It could be called staid, but McMillan comes back to a favoured word: ‘modest’. ‘We have an open, transparent dialogue with our members, there’s no hard sell. The tone of voice is critically important’ – but agrees that online is key to attracting new and younger members. To this end there are more features such as ‘Buyers’ Top Tens’ and ‘New wines’. The average age of new members is creeping down to a youthful mid-40s, the Society’s marketing chief Ewan Murray says.

The balance between the modern and the traditional is never more important than in the list itself. Buyers must service members’ taste for the traditional as well as introduce them to the unusual and the new. Pierre Mansour, responsible for Spain, Champagne, Sherry and Lebanon, says that on any buying trip he will spend about a third of his time searching out new talent, and the rest of the time dealing with existing producers. A good example is a recent trip to Rioja, in which he was ‘taken in the back door of Contino’ to make a special blend of the renowned producer’s 2010 Reserva. This will be ‘our own take’ on the 2010. ‘We have to put ourselves in the members’ shoes, and we know they like the more traditional style of Rioja.’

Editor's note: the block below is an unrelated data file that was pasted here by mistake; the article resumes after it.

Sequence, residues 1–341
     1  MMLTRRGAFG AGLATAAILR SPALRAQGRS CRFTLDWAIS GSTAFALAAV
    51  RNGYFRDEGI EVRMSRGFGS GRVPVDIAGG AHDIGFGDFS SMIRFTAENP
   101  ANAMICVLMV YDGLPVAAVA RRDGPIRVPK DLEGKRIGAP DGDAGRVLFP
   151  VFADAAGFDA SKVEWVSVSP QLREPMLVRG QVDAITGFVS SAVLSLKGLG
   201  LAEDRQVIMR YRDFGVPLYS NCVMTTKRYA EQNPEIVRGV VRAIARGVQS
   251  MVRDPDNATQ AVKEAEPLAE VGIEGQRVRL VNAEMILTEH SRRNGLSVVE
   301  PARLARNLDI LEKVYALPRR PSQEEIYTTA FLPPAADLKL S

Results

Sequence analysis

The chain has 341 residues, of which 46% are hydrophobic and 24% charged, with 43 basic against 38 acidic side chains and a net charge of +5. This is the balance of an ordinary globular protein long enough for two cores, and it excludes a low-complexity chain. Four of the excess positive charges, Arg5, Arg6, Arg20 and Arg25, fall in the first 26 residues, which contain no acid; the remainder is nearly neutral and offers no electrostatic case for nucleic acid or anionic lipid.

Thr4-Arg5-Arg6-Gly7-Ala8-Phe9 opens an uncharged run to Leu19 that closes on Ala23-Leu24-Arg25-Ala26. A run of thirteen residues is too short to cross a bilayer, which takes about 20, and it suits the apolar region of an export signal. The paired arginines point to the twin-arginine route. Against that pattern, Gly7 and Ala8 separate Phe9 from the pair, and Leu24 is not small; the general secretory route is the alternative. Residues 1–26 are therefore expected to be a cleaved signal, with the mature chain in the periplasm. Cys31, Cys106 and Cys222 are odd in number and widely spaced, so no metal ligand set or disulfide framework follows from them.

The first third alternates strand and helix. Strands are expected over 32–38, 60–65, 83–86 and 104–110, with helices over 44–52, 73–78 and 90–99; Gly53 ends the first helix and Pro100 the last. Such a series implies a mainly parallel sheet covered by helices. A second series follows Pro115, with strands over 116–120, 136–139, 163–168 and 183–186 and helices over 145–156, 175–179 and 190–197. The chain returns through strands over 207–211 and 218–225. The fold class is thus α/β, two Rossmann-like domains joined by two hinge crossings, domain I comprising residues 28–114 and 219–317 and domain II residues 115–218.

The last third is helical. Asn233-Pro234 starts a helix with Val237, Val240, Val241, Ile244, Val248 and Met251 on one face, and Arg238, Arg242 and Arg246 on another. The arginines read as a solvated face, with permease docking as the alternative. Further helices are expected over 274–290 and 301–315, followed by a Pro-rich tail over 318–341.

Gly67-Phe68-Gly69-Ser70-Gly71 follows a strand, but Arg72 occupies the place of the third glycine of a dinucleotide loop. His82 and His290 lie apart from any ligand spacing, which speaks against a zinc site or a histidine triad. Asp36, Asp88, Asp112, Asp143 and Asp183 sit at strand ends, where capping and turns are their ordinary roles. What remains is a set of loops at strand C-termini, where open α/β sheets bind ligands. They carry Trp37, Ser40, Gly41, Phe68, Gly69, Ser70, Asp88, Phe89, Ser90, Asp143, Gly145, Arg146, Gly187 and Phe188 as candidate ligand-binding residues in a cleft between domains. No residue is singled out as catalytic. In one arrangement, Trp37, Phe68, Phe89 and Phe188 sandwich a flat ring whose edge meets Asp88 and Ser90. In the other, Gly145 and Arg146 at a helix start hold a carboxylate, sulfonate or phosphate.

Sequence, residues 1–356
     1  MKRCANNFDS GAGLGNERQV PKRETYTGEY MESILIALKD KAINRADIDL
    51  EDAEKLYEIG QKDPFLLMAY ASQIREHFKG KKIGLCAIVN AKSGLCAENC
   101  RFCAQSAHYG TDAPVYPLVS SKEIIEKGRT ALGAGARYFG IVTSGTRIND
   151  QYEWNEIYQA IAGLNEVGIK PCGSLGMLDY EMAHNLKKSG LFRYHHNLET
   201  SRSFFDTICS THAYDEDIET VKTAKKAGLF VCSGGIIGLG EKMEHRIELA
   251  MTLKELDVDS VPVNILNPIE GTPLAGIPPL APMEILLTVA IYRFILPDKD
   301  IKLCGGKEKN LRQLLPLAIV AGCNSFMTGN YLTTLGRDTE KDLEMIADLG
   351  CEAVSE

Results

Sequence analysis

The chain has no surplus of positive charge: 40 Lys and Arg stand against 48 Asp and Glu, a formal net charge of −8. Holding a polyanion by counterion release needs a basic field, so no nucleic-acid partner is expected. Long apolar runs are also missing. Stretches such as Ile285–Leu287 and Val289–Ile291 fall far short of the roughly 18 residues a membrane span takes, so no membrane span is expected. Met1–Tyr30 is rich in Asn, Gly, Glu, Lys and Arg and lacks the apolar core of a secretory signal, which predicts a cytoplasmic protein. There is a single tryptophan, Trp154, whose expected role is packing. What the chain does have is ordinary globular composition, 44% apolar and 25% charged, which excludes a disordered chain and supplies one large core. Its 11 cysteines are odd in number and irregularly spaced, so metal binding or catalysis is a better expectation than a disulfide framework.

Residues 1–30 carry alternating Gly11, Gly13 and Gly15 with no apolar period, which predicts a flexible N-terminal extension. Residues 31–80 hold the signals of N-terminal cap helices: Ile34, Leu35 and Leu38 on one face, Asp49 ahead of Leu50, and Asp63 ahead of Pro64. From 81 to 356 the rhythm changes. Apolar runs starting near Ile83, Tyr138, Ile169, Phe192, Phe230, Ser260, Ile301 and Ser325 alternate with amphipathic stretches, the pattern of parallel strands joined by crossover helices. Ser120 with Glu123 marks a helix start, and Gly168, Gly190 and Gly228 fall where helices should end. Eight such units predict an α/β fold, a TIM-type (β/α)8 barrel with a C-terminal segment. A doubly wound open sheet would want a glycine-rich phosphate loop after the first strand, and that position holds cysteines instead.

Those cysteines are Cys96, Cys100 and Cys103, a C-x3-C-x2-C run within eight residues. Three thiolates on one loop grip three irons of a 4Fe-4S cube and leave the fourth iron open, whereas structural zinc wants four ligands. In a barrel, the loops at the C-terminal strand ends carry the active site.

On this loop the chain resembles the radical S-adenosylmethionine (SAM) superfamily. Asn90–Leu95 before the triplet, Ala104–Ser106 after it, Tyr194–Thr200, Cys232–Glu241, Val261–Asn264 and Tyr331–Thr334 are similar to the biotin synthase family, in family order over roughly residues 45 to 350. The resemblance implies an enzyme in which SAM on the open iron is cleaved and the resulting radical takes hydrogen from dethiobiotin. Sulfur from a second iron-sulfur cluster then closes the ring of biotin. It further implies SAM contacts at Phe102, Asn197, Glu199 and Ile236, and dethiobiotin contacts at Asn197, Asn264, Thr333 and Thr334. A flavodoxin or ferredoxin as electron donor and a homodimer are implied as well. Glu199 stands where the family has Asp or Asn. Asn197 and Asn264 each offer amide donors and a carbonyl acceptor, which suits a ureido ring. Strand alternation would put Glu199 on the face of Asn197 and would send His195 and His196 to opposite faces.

At the same time, he sourced a wine from a new producer who is experimenting with ancient Rioja varietals, indigenous grapes such as Maturana Tinta, Montastell (sic), Tempranillo Blanco, and a local strain of Torrontes. ‘I’ll take the wine if it can tell a story,’ he says. ‘If we can give our members the confidence to try something new.’